7 Places to Experience the Old and New Italian Heritage of Carroll Gardens


An unchanging fact about New York City’s neighborhoods is that they change, and Carroll Gardens knows this as well as anywhere else in Brooklyn. What was once an Irish enclave gave way to Italian immigrants, and that’s been changing once again over the last few decades. But, somehow, it retains a lot of that Italian character. Even though you can (and should) sip an amazing mezcal cocktail at Leyenda or go for classic drinks at Clover Club, there are still centuries-old bakeries, as well as newer bars and restaurants like August Laura and Frankies 457 Spuntino sticking to tradition. Here, a few of our favorites.


August Laura
387 Court St.
This bar only opened in 2016, but from the get-go it’s felt like an integral part of the neighborhood. It’s named after owner Alyssa Sartor’s grandfather—who grew up four blocks away—and serves distinctly Italian-American cocktails, like Sartor’s take on the Amaretto Sour.

Frankies 457 Spuntino
457 Court St.
Everyone knows Frankies—as well as Prime Meats and Café Pedlar, their other neighborhood projects—and its amazing backyard, as well as the olive oil with the restaurant’s imprimatur. There are sandwiches, house-made pastas and crazy-good salads that all pair quite well with a Negroni or two.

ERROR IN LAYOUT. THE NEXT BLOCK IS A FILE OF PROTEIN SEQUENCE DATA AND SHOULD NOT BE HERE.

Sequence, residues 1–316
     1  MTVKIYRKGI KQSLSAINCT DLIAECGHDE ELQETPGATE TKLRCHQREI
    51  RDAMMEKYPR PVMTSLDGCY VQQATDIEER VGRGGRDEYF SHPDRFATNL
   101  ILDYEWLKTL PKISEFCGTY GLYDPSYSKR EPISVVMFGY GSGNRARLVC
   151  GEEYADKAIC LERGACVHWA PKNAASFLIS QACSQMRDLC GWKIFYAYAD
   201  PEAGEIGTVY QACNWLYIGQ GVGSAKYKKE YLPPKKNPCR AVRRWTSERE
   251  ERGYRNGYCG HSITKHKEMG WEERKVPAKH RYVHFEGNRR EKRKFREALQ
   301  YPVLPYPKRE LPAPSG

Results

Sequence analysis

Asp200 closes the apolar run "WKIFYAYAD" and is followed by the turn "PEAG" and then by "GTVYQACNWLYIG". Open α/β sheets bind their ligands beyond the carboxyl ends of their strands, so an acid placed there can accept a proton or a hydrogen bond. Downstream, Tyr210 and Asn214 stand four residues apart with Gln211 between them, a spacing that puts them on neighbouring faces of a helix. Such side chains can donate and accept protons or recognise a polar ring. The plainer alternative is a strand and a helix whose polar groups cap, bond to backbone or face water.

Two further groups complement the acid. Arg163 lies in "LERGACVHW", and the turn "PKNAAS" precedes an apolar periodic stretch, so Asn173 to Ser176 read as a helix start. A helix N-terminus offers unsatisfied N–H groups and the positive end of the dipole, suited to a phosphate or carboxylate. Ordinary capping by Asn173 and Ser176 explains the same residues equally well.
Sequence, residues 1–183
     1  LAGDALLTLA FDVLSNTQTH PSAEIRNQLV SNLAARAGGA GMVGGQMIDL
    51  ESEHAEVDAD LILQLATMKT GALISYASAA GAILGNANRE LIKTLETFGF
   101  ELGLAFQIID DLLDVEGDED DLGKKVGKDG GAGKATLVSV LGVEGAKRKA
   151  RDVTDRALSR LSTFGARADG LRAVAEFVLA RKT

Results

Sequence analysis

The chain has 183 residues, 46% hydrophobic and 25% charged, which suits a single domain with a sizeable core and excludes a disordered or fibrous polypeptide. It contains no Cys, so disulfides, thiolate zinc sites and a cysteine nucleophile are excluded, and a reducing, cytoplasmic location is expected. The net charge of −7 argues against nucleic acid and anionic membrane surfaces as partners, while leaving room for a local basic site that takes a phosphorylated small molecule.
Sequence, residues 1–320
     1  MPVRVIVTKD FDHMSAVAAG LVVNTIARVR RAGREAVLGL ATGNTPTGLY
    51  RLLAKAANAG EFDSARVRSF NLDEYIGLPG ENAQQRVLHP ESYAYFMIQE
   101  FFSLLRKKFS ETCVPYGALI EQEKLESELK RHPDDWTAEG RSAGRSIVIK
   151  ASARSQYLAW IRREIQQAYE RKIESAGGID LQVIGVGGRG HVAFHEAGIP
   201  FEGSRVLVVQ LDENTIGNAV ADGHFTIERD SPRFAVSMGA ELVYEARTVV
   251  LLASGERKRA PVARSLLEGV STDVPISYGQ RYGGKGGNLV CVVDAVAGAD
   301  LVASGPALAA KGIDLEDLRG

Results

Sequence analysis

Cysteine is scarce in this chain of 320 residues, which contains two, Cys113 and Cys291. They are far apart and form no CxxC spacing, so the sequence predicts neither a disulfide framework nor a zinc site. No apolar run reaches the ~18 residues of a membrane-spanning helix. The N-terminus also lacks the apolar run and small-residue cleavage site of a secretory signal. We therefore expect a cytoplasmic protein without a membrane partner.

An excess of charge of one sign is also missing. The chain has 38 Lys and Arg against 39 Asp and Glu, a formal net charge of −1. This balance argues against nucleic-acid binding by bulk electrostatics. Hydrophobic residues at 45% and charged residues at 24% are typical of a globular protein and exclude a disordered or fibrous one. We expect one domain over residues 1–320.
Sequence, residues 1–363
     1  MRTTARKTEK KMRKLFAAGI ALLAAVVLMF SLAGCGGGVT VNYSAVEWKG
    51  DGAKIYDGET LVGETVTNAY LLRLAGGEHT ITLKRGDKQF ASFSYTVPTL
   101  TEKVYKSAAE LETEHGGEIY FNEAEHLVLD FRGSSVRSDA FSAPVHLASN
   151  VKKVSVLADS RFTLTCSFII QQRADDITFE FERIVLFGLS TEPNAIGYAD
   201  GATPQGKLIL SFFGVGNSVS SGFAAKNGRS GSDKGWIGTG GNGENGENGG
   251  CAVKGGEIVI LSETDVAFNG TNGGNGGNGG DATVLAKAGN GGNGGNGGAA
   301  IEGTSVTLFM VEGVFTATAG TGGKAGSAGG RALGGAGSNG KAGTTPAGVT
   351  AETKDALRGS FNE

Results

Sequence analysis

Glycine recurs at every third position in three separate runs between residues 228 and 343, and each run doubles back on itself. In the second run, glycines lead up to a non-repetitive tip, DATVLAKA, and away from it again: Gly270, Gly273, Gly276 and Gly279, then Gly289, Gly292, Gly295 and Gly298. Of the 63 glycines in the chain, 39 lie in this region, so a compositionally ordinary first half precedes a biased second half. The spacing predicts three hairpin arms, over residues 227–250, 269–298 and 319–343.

Giardini Pizza
363 Smith St.
“It’s a classic pizza parlor,” says writer Suzanne Zuppello, whose father’s family called the neighborhood home before moving out to Long Island. “In terms of a classic plain slice, it’s the best I’ve had in the city, hands down.” She admits a very New York bias, though: “My cousin owns it.”


F. Monteleone’s Bakery
355 Court St.
Here’s where you go for classic Sicilian desserts—the cookies, cakes and cannoli. It’s an old-school gem in a changing neighborhood.


Court Pastry Shop
298 Court St.
This place has been open since 1890, so you know this stuff has got to be good. Go here for pastries year-round; in the summer, get Italian ices.


Mazzola Bakery
192 Union St.
Zuppello notes, “My dad paid $0.18 in the ’50s for a loaf here.” While it might be a little more expensive now, the plain, seeded and lard loaves are going to be worth it.


Ferdinando’s Foccaceria
151 Union St.
A classic Sicilian spot that’s been open since 1904. Zuppello says, “You gotta get the Panelle and a Manhattan Special. And rice balls!”